Furthermore, Operation Weeting detectives are understood to have found evidence that Mulcaire hacked the voicemail messages of officers from Scotland Yard’s highly secret witness protection programme. These officers have access to the new identities and current whereabouts of witnesses, victims of crime and offenders whose safety could be in jeopardy – information that is often the subject of a high court order prohibiting its disclosure, a breach of which could be ruled to be a contempt of court. Any action would be brought by the attorney general’s office, which was informed of the possible breach by the Metropolitan Police in April 2012. Absolutely inevitably, among those targeted by Mulcaire were the tabloid hate objects Robert Thomson, Jon Venables and Mary Bell.
Martin Hickman has very usefully summarised the various continuing police enquiries into illegal data gathering (). In all, Hickman has revealed, the Met is carrying out ten separate inquiries into the use of various illegal data-gathering techniques. Among them are three hitherto un-announced inquiries examining ‘allegations of computer misuse act offences’: Operations Sabinas, Carrizo and Kerville. In total, detectives have carried out 210 arrests and interviews under caution, including 96 of journalists, 26 of police officers and thirteen of private investigators. So far these have led to 71 charges, nineteen guilty pleas, seven acquittals, and fifteen journalists and public officials being sentenced for offences ranging from phone hacking to misconduct in a public office. The total cost of the investigations so far is £32.7m.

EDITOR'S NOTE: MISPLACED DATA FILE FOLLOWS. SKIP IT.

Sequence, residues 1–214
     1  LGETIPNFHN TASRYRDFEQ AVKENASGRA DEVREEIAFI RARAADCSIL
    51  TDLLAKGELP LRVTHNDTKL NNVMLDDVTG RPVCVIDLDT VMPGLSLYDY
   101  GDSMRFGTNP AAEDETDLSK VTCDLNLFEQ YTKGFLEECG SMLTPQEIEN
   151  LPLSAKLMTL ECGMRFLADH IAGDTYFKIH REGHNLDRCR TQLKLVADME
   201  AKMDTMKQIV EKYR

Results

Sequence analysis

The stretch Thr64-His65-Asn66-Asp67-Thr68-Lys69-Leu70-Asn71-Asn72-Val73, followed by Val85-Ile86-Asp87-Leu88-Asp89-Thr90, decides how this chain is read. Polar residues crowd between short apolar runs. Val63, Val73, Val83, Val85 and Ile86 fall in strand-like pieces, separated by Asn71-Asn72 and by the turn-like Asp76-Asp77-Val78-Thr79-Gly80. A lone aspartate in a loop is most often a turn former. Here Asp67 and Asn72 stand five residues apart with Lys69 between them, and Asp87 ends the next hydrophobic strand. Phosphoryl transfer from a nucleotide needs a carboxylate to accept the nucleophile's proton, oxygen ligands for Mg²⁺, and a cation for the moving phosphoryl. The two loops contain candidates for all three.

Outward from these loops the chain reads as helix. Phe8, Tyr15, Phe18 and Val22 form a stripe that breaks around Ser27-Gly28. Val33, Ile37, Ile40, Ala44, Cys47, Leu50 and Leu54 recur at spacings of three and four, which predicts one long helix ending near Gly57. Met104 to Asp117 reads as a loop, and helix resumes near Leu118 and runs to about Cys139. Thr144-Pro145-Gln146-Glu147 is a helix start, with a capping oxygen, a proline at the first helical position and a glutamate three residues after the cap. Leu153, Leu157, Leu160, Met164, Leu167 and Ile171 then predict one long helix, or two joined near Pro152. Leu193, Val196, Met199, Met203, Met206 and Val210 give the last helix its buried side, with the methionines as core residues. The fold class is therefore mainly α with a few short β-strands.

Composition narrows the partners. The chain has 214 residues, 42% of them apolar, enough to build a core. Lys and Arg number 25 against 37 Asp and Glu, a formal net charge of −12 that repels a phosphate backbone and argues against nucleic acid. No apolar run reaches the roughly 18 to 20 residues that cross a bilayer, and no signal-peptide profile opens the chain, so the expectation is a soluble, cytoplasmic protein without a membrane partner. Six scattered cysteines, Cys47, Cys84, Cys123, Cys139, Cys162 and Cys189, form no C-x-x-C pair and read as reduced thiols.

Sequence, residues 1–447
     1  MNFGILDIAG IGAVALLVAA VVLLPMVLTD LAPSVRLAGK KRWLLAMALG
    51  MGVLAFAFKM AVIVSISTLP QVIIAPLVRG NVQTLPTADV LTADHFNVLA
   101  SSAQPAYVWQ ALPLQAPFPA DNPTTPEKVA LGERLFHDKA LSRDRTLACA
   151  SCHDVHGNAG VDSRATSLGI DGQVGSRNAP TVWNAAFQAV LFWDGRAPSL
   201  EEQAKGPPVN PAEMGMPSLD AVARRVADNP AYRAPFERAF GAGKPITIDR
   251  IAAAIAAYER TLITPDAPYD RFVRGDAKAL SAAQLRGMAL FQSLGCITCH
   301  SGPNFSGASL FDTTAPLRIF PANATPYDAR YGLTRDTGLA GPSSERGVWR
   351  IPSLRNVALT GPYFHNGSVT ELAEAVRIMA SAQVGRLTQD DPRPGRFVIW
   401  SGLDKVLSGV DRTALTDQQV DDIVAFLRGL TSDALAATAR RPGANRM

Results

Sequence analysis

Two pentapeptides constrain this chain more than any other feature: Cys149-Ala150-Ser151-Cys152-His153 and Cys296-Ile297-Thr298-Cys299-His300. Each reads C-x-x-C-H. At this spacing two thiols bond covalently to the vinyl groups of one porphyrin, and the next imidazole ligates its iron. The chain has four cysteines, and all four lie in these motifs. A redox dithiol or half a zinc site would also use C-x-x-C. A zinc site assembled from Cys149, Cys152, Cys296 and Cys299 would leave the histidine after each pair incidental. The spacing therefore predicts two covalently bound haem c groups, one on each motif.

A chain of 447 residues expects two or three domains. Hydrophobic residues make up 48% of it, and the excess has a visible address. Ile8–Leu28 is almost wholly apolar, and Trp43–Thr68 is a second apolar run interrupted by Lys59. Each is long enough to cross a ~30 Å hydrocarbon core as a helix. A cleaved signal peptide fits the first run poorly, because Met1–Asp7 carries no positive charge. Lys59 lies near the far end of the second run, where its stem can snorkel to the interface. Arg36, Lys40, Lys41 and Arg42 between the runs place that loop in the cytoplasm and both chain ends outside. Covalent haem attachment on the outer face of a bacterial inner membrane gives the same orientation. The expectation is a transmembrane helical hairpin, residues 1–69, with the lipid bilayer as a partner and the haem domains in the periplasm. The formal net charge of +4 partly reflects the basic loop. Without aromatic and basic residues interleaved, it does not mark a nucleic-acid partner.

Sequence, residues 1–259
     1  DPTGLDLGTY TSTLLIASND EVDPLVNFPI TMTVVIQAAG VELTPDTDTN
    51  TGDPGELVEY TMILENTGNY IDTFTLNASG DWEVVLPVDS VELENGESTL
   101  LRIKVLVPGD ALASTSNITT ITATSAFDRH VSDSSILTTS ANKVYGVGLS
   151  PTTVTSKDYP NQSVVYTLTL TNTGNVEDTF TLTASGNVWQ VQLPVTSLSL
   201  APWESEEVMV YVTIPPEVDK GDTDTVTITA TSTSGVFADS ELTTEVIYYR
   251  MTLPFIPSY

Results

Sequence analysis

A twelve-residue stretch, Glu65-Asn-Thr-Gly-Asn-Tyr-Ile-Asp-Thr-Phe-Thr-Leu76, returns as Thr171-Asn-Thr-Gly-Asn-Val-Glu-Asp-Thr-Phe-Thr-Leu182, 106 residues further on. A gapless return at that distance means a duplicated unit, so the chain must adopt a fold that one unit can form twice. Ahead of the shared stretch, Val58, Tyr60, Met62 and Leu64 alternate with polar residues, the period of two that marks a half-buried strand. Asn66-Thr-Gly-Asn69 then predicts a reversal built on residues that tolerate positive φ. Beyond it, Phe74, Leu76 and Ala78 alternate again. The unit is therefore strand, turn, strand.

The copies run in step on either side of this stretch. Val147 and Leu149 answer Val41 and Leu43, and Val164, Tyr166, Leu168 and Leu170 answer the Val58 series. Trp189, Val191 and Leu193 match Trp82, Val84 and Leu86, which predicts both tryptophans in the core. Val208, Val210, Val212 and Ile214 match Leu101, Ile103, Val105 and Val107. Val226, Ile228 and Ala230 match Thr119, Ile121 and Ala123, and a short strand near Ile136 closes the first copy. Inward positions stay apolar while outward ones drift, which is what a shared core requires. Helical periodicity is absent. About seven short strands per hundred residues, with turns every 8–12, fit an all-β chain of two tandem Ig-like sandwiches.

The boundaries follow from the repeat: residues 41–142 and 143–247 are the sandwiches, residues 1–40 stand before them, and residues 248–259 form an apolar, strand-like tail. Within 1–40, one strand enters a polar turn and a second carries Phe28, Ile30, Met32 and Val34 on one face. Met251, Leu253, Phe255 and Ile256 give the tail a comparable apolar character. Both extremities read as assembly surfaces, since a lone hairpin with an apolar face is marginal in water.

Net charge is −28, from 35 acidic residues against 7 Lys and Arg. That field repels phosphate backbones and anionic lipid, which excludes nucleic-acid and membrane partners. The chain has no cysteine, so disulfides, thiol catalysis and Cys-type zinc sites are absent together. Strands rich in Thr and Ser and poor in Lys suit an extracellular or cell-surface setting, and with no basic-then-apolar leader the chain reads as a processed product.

The ten Scotland Yard inquiries are:
- three inquiries into phone hacking (Operations Weeting and Pinetree, both of which concern the NoW, the latter involving Evans’ activity; and Golding, which concerns the Mirror Group)